Get set for Saturday scorcher – but will it break records?

Northern Ireland just keeps getting hotter – with Saturday bringing the possibility of setting a new record.

Friday, 16th July 2021, 9:20 pm
Updated Friday, 16th July 2021, 9:21 pm
Hundreds of cars full of holidaymakers flocked to Portstewart to enjoy the sun on Friday
Hundreds of cars full of holidaymakers flocked to Portstewart to enjoy the sun on Friday

Thursday was the hottest day of the year so far, with a top temperature of 25.7C, recorded at 4.15pm at Castlederg.

But this was immediately eclipsed by a reading of 27.6C on Friday, at Killowen in Co Down, at 12.13pm.

Friday’s second warmest temperature was at Helen’s Bay, Co Down, when the mercury rose to 27.2C at 3.05pm.

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And according to forecaster Simon Partridge of the Met Office, Saturday “could see 28C on the cards” for some parts of the Province – particularly in central and eastern areas.

“There’s the potential you might get a record,” he added.

“A small chance.”

The overall all-time record temperature for the Province is 30.8C – and this has been reached twice.

The first time was June 30 in 1976, and the second on July 12 in 1983.

Northern Ireland was so scorching yesterday, that it was a mere fraction away from being the hottest place in the UK.

But Coton-in-the-Elms in Derbyshire just clinched that title, with 27.8C.

Northern Ireland would have a long way to go before it rivals the UK’s overall hottest day.

That crown is held by Cambridge on July 24 in 2017, when temperatures hit a record 38.7C.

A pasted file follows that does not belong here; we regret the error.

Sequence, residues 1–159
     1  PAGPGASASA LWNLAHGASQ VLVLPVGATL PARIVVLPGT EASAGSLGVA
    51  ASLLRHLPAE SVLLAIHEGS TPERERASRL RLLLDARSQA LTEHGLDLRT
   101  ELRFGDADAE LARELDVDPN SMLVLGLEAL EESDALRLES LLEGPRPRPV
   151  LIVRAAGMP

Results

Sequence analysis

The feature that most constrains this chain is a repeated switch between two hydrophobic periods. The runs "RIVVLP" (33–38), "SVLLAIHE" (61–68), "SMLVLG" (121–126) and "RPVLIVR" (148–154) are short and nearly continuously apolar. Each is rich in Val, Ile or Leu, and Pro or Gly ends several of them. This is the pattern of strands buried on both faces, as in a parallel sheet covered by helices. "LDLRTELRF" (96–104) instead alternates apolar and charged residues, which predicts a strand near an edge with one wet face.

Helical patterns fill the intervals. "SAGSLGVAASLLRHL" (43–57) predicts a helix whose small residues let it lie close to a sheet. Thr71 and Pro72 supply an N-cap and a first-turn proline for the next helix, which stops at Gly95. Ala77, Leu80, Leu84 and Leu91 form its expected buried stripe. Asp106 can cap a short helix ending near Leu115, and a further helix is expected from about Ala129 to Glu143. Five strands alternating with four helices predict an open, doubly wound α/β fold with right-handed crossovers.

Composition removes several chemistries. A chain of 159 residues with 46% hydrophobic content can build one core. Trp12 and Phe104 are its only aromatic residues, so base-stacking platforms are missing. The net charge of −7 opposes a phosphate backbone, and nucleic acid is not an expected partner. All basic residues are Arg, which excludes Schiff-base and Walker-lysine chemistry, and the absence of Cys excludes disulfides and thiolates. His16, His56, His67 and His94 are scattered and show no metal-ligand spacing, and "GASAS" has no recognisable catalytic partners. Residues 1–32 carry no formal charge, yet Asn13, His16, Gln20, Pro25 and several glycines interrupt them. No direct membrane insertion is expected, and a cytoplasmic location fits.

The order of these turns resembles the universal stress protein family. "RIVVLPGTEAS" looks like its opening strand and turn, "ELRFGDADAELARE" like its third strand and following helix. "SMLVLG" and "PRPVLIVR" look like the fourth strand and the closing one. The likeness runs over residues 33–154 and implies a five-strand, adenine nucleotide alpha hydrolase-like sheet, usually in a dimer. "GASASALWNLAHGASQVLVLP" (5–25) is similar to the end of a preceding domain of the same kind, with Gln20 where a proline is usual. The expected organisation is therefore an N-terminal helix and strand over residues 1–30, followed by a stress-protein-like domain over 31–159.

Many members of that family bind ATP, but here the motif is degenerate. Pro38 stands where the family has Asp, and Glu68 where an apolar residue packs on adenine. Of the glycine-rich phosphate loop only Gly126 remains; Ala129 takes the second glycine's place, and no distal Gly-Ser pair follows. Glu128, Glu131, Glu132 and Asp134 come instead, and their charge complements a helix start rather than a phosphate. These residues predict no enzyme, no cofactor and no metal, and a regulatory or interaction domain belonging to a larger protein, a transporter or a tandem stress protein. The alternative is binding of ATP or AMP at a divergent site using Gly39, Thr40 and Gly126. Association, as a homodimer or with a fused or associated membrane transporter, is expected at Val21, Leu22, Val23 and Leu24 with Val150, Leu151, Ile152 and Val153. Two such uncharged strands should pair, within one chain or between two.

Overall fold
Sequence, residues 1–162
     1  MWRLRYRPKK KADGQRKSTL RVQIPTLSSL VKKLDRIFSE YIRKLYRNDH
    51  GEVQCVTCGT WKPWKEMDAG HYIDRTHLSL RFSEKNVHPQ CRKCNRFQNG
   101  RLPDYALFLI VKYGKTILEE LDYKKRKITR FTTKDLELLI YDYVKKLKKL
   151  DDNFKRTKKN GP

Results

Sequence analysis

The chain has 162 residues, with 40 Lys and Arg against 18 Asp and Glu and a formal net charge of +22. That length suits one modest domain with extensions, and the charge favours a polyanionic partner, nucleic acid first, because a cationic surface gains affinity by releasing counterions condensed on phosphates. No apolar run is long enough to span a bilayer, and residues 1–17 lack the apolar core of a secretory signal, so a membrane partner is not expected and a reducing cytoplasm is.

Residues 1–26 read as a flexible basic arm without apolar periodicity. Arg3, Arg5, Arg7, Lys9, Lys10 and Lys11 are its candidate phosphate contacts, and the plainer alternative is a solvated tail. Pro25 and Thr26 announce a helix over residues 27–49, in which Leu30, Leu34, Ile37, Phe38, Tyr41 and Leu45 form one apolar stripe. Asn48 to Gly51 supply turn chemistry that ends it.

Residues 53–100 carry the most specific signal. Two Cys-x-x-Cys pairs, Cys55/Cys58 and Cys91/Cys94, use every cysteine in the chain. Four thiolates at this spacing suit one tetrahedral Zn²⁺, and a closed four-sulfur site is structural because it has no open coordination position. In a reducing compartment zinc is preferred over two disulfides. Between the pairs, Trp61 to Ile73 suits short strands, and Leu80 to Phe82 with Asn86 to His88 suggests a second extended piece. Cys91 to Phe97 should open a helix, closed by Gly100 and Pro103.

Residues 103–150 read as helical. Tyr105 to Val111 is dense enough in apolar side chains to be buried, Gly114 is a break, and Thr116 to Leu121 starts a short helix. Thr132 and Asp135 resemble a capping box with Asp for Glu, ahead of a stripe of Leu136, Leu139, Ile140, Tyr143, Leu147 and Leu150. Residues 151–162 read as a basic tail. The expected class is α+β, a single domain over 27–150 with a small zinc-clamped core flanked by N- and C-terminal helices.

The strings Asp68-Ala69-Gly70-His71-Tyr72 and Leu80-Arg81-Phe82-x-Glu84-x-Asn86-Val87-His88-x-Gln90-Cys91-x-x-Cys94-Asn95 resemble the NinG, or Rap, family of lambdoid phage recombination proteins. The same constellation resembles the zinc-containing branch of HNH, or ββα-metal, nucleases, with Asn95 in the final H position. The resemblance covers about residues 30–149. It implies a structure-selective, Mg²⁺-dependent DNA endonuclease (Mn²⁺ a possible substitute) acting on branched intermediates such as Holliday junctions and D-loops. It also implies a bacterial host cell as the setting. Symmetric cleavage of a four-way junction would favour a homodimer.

Mr Partridge said that Sunday will bring some cloud and slightly cooler temperatures, but that by Tuesday the temperatures will be bounding back up again, with blue skies pushing thermometers up to the 27C–mark again.

But this Mediterranean holiday weather comes with a couple of warnings.

NI Water stressed that it wants to “warn any adventurous walkers who plan a trip to the countryside and all those planning to walk in the Mournes this weekend, to be very wary of wildfire risk”.

Much of NI drinking water is in valleys and reservoirs surrounded by low scrub, and fires “remove the primary layer of vegetation, leaving burned bare soil exposed to erosion which then makes its way into the reservoirs, from where water is abstracted for treatment to be drinking water”.

It also said current demand for water “is outstripping supply”.

“If demand continues at this level it will lead to failures in our network and some customers will lose supply or suffer low pressure,” it said.

“A number of customers over the past few days are already experiencing this, especially those on high ground.”

It urged people not to leave hoses and sprinklers on overnight, and asked that people “please avoid using swimming or paddling pools this weekend – filling a 12ft swimming pool uses the same amount of water 500 people use for daily handwashing”.

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